Selling sand in the desert is an old proverb to describe a skilled salesman. However, the definition may need to be reevaluated. Sand used in construction is becoming a rare and precious resource and the high demand is causing problems for ecosystems and humans alike.
With more and more people moving to cities, there is an urgent demand for new houses. With this comes an increased demand for sand that can be used in concrete and other construction materials. According to a recent article, there has been a sixfold increase in sand extraction over the last 25 years. This excessive use of sand resources is causing ecosystem services to collapse and entire islands to disappear.
The sand used by industries is often found along river banks and coastlines. Consequently, coral reefs are damaged and species that live alongside rivers, for example crocodiles, fish and dolphins, are disappearing. Furthermore, it is assumed that the sand extraction on the shores in Sri Lanka made the coastal line less resilient to the tsunami in 2004. The rivers from which the sand is extracted are also important fresh water reservoirs for the people living close by.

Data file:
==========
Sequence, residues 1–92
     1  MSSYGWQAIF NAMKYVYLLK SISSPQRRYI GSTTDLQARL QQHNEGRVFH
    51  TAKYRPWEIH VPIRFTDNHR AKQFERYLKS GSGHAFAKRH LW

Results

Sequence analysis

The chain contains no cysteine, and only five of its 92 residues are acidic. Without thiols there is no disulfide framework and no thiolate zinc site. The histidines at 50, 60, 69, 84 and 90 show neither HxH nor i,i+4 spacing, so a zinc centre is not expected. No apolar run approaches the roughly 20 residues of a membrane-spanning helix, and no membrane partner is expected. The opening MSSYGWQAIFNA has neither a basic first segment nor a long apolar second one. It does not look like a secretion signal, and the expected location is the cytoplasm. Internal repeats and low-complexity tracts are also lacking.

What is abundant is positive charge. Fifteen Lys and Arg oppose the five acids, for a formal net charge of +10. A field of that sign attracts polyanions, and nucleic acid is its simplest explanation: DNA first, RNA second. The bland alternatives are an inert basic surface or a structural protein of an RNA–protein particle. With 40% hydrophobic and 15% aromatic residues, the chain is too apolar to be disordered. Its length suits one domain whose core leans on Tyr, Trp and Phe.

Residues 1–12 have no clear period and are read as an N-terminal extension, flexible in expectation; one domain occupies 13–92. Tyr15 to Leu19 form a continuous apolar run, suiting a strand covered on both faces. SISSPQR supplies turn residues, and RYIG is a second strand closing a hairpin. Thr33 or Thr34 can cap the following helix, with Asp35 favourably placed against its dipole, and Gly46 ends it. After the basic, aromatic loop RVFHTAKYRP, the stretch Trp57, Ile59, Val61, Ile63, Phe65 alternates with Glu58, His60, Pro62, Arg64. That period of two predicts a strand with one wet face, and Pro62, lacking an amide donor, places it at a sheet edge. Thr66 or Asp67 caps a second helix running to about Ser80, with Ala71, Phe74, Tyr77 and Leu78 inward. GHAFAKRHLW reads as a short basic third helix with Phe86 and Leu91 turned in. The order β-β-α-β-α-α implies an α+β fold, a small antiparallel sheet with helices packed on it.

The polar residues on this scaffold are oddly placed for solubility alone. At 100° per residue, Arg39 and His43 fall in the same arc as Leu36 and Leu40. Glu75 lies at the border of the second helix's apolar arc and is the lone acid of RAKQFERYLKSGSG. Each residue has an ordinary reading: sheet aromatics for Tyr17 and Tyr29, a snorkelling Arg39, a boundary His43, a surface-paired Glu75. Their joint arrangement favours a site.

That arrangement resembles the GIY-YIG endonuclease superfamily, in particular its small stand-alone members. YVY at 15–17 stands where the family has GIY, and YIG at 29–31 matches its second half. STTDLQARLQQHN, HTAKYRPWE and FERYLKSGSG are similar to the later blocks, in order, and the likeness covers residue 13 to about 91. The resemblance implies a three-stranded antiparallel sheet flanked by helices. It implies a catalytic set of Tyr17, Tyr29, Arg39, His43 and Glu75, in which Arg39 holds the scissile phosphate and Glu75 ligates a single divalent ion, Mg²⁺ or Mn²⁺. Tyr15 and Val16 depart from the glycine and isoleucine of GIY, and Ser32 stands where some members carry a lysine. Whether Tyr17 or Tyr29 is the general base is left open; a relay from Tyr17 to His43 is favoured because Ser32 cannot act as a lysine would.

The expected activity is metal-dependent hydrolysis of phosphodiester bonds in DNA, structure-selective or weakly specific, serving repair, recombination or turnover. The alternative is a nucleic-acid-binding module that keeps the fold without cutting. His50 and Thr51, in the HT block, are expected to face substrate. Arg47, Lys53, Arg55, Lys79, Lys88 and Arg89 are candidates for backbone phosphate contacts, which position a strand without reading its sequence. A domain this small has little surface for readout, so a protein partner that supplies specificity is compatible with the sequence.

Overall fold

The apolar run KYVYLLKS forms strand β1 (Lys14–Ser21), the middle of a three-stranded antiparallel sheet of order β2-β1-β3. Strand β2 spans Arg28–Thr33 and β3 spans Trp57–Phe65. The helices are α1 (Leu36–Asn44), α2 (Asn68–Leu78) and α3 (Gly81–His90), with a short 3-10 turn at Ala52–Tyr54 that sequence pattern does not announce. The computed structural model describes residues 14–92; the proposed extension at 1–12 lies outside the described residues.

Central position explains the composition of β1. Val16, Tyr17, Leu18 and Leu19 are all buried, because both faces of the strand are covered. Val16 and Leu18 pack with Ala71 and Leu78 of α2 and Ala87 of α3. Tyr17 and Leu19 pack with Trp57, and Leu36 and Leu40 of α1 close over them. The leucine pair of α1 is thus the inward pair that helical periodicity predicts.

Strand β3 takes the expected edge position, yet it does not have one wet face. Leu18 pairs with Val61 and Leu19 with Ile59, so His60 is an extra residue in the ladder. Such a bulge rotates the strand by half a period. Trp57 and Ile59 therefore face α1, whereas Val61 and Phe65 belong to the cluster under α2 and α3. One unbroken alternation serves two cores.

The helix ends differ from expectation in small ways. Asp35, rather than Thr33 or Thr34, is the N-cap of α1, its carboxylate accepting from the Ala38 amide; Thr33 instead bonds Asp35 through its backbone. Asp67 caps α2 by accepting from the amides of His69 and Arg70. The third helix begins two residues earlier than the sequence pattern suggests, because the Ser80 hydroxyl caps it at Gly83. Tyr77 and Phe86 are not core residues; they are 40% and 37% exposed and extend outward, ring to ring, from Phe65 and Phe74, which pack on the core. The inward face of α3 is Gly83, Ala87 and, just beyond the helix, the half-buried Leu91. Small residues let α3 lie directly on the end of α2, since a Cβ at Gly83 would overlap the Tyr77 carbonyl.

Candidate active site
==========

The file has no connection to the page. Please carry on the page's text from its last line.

Since this problem is still relatively unknown to the public, there are currently no major efforts aimed at solving it. According to Aurora Torres, one of the researchers investigating the impacts of sand extraction, there are three main ways of combating the over-exploitation of sand. The first way is to diminish the need for sand, second, to extract sand in a more sustainable way, and lastly, to pursue other options for sand. One possibility is to reuse concrete and other types of building material by crushing it into smaller fragments. However, the main users of sand are the fast-growing nations in Asia, where there is a lack of old infrastructure to apprehend this material from. There have, however, been a few successful efforts where sand is replaced by other materials. India’s a prevailing problem with plastic waste initiated the idea of substituting sand with plastic granules made from the by-products of the plastic industry.
Sand is a finite resource, like oil and minerals. The shortage of the resource will become even more problematic unless it is addressed promptly by policy- and decision makers. In order to make a difference, awareness must be raised about the excessive sand extraction and that it is in fact an urgent problem.